“I was never a gay basher. However, I was so smug that I never explored God’s Word on the matter any further,” confessed Rev. Arlo Duba. “I never got very excited about the issue of gay and lesbian participation in ministry, simply assuming that things had been set for two thousand years.”
That’s how Rev. Duba – a retired Presbyterian minister and life-long conservative Christian – begins the story of his conversion. He was once quietly, but nonetheless steadfastly opposed allowing lesbian, gay, bisexual and transgender (LGBT) people from serving as clergy in the Presbyterian Church U.S.A. He is now publicly sharing the story of how his “mind was changed.”
His story – not just his spiritual journey, but his willingness to share it with others in order to bring about social change – is a potent example of the power of storytelling in support of social change. It’s what we call “The Parable Effect.”
The Parable Effect is the magical quality that allows a reader or listener to be transported into the mind of the story’s protagonist– essentially turning on the empathy switch in our brains. Jesus understood the power of parable to change the minds of those who feared change. There’s been significant research in the last decade to prove what Jesus seemed to know intuitively.
The Proof is in the Research
That research shows that we’re more likely to change our minds when our brains are in story-absorbing mode than when they are in the hyper-analytical, fact-considering mode. A September 2008 article in Scientific American Mind on the science and secrets of storytelling highlighted two such studies.
In the first study, psychologist Melanie C. Green, an expert on the influence of narrative on individual beliefs at University of North Carolina at Chapel Hill, found that information that was labeled as “fact” increased critical thinking. In contrast, information that was labeled as “fiction” had the opposite effect – increasing the likelihood that people would accept the ideas more easily.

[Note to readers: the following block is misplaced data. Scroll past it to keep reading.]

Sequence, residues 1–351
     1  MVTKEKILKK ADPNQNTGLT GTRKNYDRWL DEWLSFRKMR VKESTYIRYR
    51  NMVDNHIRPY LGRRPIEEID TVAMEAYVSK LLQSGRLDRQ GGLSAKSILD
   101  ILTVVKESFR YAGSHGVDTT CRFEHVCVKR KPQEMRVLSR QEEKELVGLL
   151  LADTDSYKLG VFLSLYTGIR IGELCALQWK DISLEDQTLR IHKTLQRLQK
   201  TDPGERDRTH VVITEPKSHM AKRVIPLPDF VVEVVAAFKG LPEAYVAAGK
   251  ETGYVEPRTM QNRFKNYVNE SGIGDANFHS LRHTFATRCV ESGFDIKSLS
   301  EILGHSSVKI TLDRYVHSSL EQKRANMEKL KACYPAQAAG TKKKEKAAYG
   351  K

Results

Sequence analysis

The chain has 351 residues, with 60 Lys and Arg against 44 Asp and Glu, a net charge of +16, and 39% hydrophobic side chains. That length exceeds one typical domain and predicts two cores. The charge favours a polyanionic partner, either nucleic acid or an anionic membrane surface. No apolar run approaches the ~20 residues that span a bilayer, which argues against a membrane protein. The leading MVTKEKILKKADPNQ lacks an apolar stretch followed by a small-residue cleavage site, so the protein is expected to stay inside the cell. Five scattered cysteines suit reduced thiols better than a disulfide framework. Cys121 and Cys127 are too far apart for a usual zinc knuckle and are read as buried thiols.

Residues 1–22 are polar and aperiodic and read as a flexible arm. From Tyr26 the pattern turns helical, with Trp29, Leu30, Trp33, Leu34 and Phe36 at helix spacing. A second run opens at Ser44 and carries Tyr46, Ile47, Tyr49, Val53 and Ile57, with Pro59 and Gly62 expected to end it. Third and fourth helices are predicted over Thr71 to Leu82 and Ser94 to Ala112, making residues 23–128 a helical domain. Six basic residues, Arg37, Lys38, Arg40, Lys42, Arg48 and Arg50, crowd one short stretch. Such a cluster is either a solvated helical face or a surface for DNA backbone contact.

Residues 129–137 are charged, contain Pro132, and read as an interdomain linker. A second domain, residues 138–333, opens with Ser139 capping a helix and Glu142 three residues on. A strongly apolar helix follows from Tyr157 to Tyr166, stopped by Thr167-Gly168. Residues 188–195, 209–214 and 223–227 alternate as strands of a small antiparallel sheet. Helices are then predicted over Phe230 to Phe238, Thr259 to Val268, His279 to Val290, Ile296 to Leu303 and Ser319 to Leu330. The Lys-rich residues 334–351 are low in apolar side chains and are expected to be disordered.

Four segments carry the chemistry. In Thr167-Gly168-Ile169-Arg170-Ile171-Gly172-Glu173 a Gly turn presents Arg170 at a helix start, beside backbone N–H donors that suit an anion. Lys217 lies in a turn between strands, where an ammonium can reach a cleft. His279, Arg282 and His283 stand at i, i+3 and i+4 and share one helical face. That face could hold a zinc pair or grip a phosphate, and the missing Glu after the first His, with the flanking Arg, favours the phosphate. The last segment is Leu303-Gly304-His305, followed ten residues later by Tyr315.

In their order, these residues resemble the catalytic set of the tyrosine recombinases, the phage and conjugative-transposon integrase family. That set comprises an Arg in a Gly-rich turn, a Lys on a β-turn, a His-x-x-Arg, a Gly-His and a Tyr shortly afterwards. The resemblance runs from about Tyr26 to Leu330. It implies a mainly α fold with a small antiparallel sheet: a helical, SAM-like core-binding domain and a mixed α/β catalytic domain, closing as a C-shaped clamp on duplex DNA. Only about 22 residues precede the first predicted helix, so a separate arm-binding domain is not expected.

In the second study, Jennifer Edson Escalas, a marketing researcher at Vanderbilt University discovered that people respond more positively to advertisements that tell a story about the product compared with those that make a fact-based argument for the product. (Think back to those Palmolive commercials in the 1970s where Madge hocked dishwashing liquid by focusing on how soft it made your hands – much more effective than the “tough on grease” appeal).
Keith Oatley’s paper, “Why Fiction May Be Twice as True as Fact,” argues that, “just as computer simulation has augmented the theories of language, perception, problem-solving and connectionist learning,” narratives can be a simulation to “illuminate the problem of human action and emotions.
Harnessing the Parable Effect: More Light Presbyterians
Those working to create social change can harness the Parable Effect as a potent tool in their communications arsenal. Fenton’s work with More Light Presbyterians (MLP) is a great example of the Parable Effect at play.
MLP is a national organization working for full inclusion of LGBT people in the life of the Presbyterian Church U.S.A. (PCUSA). They are in the midst of a nationwide campaign to change the PCUSA Book of Order to allow LGBT people to be ordained as ministers.
Changing language in the Book of Order is the religious equivalent of amending the U.S. Constitution. All 173 presbyteries in the United States must vote on ratification. It’s a near year-long process that requires countless discussions in churches across the nation.